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Quantum interference in the service of information technology

Excerpts and salient points ~

+  Scientists from the Faculty of Physics, University of Warsaw, in collaboration with the University of Oxford and NIST, have shown that quantum interference enables processing of large sets of data faster and more accurately than with standard methods. Their studies may boost applications of quantum technologies in artificial intelligence, robotics and medical diagnostics, for example.

In their article published in Science Advances, scientists from the University of Warsaw—Dr. Magdalena Stobinska and Dr. Adam Buraczewski, scientists from the University of Oxford, and NIST, have shown that the simplest quantum gate, which interferes between two quantum states, essentially computes the Kravchuk transform.

+  [T]he simplest quantum gate, which interferes between two quantum states, essentially computes the Kravchuk transform. Such a gate could be a well-known optical device—a beam splitter, which divides photons between two outputs. When two states of quantum light enter its input ports from two sides, they interfere. For example, two identical photons, which simultaneously enter this device, bunch into pairs and come out together by the same exit port. This is the well-known Hong-Ou-Mandel effect, which can also be extended to states made of many particles. By interfering “packets” consisting of many indistinguishable photons (indistinguishability is very important, as its absence destroys the quantum effect), which encode the information, one obtains a specialized quantum computer that computes the Kravchuk transform.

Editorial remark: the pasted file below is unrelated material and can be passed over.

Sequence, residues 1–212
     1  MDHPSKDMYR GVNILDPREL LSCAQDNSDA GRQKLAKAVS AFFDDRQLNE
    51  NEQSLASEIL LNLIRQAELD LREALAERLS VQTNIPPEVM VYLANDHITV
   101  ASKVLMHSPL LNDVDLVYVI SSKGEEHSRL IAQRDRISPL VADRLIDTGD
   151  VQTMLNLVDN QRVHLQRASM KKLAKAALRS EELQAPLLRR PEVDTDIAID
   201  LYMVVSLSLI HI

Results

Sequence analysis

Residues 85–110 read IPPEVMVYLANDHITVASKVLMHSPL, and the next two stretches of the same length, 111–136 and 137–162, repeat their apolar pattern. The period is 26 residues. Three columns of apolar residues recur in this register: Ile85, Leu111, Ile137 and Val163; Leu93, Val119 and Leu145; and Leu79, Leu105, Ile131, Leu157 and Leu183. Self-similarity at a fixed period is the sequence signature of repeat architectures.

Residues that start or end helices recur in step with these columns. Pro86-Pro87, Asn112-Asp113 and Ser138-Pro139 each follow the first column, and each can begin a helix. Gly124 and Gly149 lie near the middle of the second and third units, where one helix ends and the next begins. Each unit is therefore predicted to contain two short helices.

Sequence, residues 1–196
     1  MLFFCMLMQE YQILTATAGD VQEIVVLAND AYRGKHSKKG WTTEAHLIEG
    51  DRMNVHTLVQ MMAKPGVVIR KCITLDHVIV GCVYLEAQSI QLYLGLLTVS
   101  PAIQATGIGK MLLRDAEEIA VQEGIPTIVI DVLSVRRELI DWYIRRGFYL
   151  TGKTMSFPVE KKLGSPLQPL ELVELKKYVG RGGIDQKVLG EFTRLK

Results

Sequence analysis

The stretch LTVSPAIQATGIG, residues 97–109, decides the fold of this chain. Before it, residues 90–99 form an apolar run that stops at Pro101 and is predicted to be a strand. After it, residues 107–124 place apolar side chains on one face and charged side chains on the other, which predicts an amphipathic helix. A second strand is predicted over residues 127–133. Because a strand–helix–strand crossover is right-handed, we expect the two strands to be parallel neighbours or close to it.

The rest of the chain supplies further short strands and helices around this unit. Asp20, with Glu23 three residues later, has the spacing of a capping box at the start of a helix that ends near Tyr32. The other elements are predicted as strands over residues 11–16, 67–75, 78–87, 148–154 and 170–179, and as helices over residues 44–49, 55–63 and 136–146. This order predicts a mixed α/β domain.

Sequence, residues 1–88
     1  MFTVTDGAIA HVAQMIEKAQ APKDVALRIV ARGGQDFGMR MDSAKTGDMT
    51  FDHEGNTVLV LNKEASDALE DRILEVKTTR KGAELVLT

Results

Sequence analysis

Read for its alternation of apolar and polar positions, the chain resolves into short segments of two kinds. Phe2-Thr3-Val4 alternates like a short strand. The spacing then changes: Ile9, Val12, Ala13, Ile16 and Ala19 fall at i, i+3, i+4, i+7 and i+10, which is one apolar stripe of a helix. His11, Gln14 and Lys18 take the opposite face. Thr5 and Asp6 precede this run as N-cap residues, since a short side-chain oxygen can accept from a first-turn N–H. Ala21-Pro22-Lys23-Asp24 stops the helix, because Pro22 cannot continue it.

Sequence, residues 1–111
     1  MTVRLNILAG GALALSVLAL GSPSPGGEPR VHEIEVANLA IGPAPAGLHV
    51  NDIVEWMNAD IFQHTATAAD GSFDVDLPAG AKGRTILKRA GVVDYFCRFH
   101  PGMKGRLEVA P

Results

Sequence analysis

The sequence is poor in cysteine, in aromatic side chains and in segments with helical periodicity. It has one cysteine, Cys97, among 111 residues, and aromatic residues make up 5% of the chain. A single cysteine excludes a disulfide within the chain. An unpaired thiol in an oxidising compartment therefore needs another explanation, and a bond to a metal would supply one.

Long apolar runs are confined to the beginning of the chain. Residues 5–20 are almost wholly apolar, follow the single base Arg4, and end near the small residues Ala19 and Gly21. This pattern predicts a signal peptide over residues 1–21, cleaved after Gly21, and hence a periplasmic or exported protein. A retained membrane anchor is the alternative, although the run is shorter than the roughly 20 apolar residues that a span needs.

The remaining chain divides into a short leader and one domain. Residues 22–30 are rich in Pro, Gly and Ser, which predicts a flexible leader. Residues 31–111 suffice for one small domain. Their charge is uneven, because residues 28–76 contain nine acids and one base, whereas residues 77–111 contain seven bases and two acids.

+  Most importantly, such a computation of the quantum Kravchuk transform always takes the same time, regardless of the size of the input data set. It is the “Holy Grail” of computer science: an algorithm consisting of just one operation, implemented with a single gate.

Source:  SCIENCE BULLETIN.  University of Warsaw,  Quantum interference in the service of information technology…

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